Why Threads for the Client on the Server?

Hey, I am just playing around a little bit, so no Code here. But I am interested in how to do this.
I knew there are libs like Kryonet, but I would like to knew how to do it.

When I am checking some Online Game Sources I nearly always see that the Server is listening for CLients and for each(sic!) one it makes an own Thread… Why?

Afaik, if I have a lot of Threads ~double the amount of my Cores the PC´s Power goes down extremely. So why do some people do that? Wouldn´t it be better to make some Systems eg.: Movement, Battle, Chat System a own Thread? Although, I could think that with that the sync between Movement and Battle could be a little bit annoying :confused:
Or instead for every Client an Thread I could “batch” some Client´s together and do the work on those. But for a lot of CLient´s I will get again the same Problem.

Why not just accept the incoming login and add this Client into a list and iterate over it? I doubt that it would be an recognizable time difference, especially at RPG´s with <100 current Players. On the other Hand for Strategy Games that could be too slow.

Anyone can clarify/sort my thoughts?

Have a read up on blocking and non-blocking I/O.

Back in 2009 Ran Dahl addressed that same issue in his presentation on Node.js.

He explained how it can be solved with an event loop and asynchronous code.
Java has a few classes built in that can be used to get the same effect. e.g. AsynchronousServerSocketChannel, ExecutorService and CompletableFuture.
Regarding your idea of a list - the ExecutorService class has a queue built in that schedules all the tasks that still need to be done but it all works more efficiently than what you were describing. That built in queue corresponds to the event loop.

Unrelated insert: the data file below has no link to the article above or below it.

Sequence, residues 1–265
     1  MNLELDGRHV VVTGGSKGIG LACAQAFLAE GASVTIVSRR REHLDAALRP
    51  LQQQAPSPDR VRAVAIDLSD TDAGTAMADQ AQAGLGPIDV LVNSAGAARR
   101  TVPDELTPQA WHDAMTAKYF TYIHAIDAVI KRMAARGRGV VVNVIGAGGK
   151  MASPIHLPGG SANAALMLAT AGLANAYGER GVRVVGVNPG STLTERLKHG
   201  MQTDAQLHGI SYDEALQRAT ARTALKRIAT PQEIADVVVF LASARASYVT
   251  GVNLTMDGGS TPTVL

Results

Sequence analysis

Okay thanks.

What would you now suggest how to implement it on the Serverside? Assuming <100 Clients.
Just one Thread per Client or something else? Better use a CachedThreadpool for that?

You will be very good off using a networking library like Kryonet or even XNIO or Netty.
Writing a working, error-free, non-blocking network library is a huge task, should you decide to go non-blocking (one or a few threads per server, and not one-thread-per-client). Kryonet will provide everything you need. XNIO and Netty provide more features, like encryption and FTP/HTTP protocol implementations, usually not needed for games, but their small core with their “pipeline” architecture provides a good way to start (freeing you from handling non-blocking sockets and framing/buffering).

Let’s say you and I are both users. I’ve taken an action that takes a long time (maybe I’m uploading a video). You want to do something that doesn’t take a long time (like refresh the homepage). Should you really have to wait for my video to finish uploading to see the homepage refreshed?

There isn’t one single answer. It’s going to depend on exactly your context and requirements.

But most frameworks handle threading themselves, so the smartest thing to do is probably just let somebody else do the work for you.

Could you be more specific? What exactly are you trying to do?

With less than 100 clients it doesn’t really matter what strategy you use. Even with one thread per client there shouldn’t be any performance issues.

Different context, but related?

I was making and using individual threads for audio event streams where certain sound effects schedule their next playbacks. Going to an ExecutivorService, with a FixedThreadPool instead improved performance. But I only need to run a pool of 10, so far.